When I was growing up, my family and I never really needed special days or weeks to keep ourselves moving. I grew up on a small rural farm with loads of chores to do, was very active in sports, did music and theater, and in addition to all that was an active member in my local 4H group. I still have that pledge memorized today...

I pledge my head to clearer thinking,
My heart to greater loyalty,
My hands to larger service,
and my health to better living,
for my club, my community, my country, and my world.

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I learned loads when I was a member of my local 4H group. Each year I played on the co-ed basketball leagues. I made wood crafting products for the local fair. I also showed fat hogs and even managed to have an item considered for the state fair. We did art arrangements, drawings, photos, baked goods, and loads more all as part of the 4H experience.

My father was ever-present during the early years of 4H. Constantly helping me understand the value of hard work and the value of knowledge 4H extends to kids in agriculture and sustainability, and in general about good living.

I’m going to focus on the 4H aspect of my youth now and a very significant week that is coming up. One in which we need more volunteers to take as an opportunity to help along and educate local youth. National Volunteer week takes place April 17th through the 23rd and loads of organizations could use your help, just like 4H.

Each year thousands of volunteers in Iowa donate time, energy, and money to build up their communities. In fact, research from the Corporation for National and Community Service, shared by ISU Extension, found that 30.3% of adult Americans volunteered 6.9 billion hours of service, worth around $167 billion dollars in 2018. During that same period in Iowa more than 1 million volunteers contributed 56 million hours of service. That study from 2018 also showed that 41 percent of Iowans volunteer; ranking Iowa 4th among the 50 states.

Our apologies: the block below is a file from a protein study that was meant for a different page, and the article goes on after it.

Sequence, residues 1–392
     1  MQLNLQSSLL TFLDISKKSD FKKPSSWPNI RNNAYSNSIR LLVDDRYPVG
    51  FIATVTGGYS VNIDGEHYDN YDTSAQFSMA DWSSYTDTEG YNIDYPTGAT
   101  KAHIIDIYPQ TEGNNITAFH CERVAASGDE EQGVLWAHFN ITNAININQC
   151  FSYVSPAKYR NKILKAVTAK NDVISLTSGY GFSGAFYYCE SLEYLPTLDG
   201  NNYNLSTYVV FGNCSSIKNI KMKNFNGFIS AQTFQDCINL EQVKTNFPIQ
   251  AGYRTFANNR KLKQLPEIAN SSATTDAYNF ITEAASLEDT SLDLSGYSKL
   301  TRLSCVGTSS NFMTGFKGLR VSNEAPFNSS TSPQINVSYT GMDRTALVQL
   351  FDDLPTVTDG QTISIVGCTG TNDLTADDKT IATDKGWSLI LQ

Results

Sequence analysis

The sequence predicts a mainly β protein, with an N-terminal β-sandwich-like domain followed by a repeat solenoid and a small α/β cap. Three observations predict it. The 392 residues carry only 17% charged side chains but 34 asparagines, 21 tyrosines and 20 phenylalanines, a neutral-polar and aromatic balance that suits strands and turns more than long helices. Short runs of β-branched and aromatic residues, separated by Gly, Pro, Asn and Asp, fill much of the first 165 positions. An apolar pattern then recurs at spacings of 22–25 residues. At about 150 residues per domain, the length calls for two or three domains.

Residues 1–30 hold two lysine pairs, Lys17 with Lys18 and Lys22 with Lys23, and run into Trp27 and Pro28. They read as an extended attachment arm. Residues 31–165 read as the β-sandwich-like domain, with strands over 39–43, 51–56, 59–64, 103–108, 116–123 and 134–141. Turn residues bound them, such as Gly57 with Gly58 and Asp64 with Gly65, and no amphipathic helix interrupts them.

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In Iowa, it takes over 7,000 volunteers to keep 4-H programs going each year. These are people who take time out of their busy lives to teach youth, both urban and rural, about the variety of things 4-H has to offer.

Some will volunteer to work as community club leaders and guide 4H members at monthly meetings, provide safe meeting locations, provide fun activities, and grant opportunities for our local kids to grow as positive citizens.

Some volunteers work with youths as project leaders. These helpers guide our youth in a less formal setting, usually project-related workshops, clinics, and training sessions. Volunteers like this also help at special events, activities, during the county fairs, and at the state fair.

Now 4-H volunteers can receive training from the Iowa State University Extension and Outreach in a variety of subjects and are provided with curriculum and support if needed.

My father gave his time and energy to help me grow in to a mature and hard-working young man and one of the ways he did it was by volunteering in 4H. The biggest thing I learned from my family’s involvement with 4H was that everyone has something to give. Maybe it’s a special talent only you have. Maybe it’s a new skill you’ve learned and can help others with. It could just be time with a caring adult in a safe location. Everyone out there has a different reason to volunteer —whatever your reason may be; you are needed. I may not volunteer in 4H now, but my experience with caring adults led me to volunteer on the Cascade Soccer Board and coach youth co-ed soccer in my local community each late summer and in to Fall. So, give back to your local community this year, April 17th through the 23rd. You’ll feel better for helping, and you just might help bring some joy to a local kid’s life.

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